Interdisciplinary Team

Professor Guided Anthropology and Geography Students on Immigration Research


Brandon D. LundyKENNESAW, Ga. (Dec 2020) — Anthropology professor Brandon D. Lundy took the lead on a research project, with Kennesaw State University students, in the spring surrounding Cabo Verdean immigration to the United States.  Cabo Verde is an island country off the coast of West Africa that he has always been interested in exploring.

“We began the project by doing a literature review on issues that Cabo Verdeans and immigrants coming to the United States in general face so that we can understand the problem better contextually,” Lundy said.  “From there, we spoke with folks at the consular section at the U.S. Embassy in Praia to get a better sense of what they were looking for in relation to our project.” 

He said the Embassy was looking for information about the immigrants’ transition to a new country.  The Embassy’s consular officers sought information on the actual use of public assistance programs by Cabo Verdean first-generation immigrants.

Lundy said that the biggest takeaway from conducting this research was noting that immigrants from Cabo Verde wrestle with the same challenges as those immigrating from other countries. 

“The biggest positive that we noted was that there was an abundance of resources out there and assistance available coming directly from the diaspora communities themselves,” he said.  “We really discovered how these communities are helping new immigrants transition to this new way of life in the United States.”

Cabo Verdean Population by State and Survey Response Locations

Lundy, a faculty member in the Department of Geography and Anthropology, became interested in this research project due to his work as a researcher in the Portuguese-speaking area of West Africa.  He began working in the area as a result of living and working in Cabo Verde during his tenure as a U.S. Peace Corps volunteer in the late 1990s and early 2000s.  He has been particularly interested in Cabo Verdean immigration to the United States and the resulting unique relationship between the two countries.

While these topics were of personal interest to him, Lundy said that the seven KSU students participating in the research project was part of the university’s involvement in the State Department’s Diplomacy Lab.  The Diplomacy Lab provides opportunities for faculty and students from partner institutions to collaborate on research focusing on international issues and challenges.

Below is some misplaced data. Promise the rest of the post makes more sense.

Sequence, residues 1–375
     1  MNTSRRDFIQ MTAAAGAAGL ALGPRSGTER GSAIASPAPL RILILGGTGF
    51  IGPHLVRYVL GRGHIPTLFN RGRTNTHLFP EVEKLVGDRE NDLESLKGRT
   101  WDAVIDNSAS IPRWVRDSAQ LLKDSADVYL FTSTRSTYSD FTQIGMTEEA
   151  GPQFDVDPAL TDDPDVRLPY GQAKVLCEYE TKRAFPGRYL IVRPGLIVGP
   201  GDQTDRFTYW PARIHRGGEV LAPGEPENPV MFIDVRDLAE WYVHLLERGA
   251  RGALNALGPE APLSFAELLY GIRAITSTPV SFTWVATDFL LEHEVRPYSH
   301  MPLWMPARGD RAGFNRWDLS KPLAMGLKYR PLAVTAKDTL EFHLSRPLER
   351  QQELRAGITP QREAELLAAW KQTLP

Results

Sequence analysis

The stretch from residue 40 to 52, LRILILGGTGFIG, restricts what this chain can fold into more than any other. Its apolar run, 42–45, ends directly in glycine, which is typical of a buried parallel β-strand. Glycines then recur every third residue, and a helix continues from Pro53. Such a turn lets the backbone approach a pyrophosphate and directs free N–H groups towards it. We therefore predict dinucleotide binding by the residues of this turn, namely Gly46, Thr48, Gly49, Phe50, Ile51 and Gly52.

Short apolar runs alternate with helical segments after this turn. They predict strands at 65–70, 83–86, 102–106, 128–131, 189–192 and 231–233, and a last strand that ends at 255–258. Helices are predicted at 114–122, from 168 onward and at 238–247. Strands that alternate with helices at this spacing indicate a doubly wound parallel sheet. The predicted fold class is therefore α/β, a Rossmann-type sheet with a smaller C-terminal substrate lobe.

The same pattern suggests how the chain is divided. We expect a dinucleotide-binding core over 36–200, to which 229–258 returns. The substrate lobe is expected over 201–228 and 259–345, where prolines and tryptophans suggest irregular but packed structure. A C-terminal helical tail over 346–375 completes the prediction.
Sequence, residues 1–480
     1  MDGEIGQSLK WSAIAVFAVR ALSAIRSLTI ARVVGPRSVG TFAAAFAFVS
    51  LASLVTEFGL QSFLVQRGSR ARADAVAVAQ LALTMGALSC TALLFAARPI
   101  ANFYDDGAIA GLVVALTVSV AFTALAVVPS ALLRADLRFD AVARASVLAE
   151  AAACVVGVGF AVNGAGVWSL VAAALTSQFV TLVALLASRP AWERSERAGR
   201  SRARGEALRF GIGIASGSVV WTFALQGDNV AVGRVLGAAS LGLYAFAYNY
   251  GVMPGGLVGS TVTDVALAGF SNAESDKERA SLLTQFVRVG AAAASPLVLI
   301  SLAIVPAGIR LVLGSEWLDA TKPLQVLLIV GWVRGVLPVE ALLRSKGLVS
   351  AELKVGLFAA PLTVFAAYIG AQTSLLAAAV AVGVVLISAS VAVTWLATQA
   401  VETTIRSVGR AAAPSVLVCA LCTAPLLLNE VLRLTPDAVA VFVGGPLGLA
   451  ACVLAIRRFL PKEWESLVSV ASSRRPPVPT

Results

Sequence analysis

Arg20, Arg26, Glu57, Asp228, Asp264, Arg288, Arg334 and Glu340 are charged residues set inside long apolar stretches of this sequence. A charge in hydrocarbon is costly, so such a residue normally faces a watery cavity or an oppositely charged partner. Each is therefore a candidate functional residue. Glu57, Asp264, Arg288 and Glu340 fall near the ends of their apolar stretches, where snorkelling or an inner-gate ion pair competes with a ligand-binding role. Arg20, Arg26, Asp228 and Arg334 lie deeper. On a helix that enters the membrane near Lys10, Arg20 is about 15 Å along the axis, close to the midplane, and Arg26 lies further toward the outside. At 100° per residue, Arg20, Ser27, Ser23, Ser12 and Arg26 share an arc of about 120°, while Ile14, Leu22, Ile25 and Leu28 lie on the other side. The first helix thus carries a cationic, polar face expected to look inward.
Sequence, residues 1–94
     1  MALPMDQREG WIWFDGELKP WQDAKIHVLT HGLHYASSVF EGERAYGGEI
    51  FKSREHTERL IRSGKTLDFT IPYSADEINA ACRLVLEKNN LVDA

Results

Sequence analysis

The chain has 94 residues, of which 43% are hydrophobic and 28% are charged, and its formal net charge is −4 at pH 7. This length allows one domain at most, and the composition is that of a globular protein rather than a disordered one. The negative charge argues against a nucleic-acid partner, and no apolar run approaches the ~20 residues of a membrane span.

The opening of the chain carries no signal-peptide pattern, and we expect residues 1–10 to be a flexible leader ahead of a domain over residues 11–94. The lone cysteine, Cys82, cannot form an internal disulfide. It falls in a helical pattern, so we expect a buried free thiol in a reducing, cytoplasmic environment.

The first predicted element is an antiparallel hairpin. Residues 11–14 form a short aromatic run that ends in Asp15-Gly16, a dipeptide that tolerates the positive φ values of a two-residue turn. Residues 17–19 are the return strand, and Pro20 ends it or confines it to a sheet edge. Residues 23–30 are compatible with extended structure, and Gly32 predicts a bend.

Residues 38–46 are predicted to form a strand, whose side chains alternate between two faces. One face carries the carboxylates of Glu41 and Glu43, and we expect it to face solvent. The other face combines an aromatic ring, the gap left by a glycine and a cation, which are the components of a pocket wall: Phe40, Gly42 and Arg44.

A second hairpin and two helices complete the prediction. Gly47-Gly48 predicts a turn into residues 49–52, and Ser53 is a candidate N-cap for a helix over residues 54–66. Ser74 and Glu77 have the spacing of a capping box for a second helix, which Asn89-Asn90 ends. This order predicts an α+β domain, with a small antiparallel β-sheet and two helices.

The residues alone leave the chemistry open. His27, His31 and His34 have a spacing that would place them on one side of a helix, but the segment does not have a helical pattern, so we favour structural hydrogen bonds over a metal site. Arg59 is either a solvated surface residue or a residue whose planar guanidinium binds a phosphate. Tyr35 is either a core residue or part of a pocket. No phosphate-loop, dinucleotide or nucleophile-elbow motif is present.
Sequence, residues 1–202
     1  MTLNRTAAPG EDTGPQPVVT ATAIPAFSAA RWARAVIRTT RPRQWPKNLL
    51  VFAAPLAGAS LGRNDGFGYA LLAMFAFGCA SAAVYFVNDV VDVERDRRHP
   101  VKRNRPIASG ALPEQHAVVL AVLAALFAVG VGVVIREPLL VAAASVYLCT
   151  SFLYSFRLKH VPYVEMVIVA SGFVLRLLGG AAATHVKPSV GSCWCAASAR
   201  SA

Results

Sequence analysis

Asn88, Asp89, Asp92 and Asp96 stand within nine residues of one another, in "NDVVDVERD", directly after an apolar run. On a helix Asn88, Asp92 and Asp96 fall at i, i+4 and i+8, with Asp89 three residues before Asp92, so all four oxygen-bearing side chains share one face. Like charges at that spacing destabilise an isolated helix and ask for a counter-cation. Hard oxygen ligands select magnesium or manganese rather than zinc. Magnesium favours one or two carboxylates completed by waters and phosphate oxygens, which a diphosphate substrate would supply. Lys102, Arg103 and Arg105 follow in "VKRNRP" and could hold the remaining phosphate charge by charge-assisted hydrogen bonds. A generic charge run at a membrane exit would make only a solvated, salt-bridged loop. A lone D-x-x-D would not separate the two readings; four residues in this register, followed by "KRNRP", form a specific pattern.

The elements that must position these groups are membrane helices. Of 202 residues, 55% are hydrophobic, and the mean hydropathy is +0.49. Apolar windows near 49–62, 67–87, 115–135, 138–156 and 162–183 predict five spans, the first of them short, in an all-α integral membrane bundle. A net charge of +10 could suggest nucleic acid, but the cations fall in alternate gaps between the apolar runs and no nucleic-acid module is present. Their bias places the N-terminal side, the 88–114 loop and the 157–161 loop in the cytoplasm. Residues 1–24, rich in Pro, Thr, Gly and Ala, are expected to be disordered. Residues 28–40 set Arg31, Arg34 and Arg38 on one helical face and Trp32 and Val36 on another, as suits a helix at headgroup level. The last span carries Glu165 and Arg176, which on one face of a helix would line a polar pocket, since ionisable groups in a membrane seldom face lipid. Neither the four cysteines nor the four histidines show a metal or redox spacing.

“The students were directly involved from research design to data collection and analysis, ending with the written report,” Lundy said.  “They helped design the original research question and from there, they each designed a sub-research question within the broader issue.” 

The different sub-topics included housing issues, education, communication in terms of social media, public and mental health, food security, employment, and available community resources. 

While the students worked on their part of the project, they also assisted in developing data collection instruments, such as the interview guide and online survey, to make sure that the questions used could apply in the broader context and the individual context of their research.

The students learned the value and the practical ability of applying evidence-based research in a real-world context, according to Lundy.  Not only did they complete an interdisciplinary research project, they were also able to provide the results to decision-makers. 

“I think we all learned a lot,” Lundy said.  “It was a once in a lifetime opportunity.  As academics, we oftentimes do not have a lot of opportunities to directly engage with policy makers, so this was one of those rare opportunities.”

The students, who were very appreciative of the experience, included (pictured below from left to right) Danielle Dumett, Katya Godwin, Agazeet Haile, and Will Hasse from anthropology, and Alex Seigler, Kathleen Smith, and Nick Zingleman from geography.

The Diplomacy Lab Team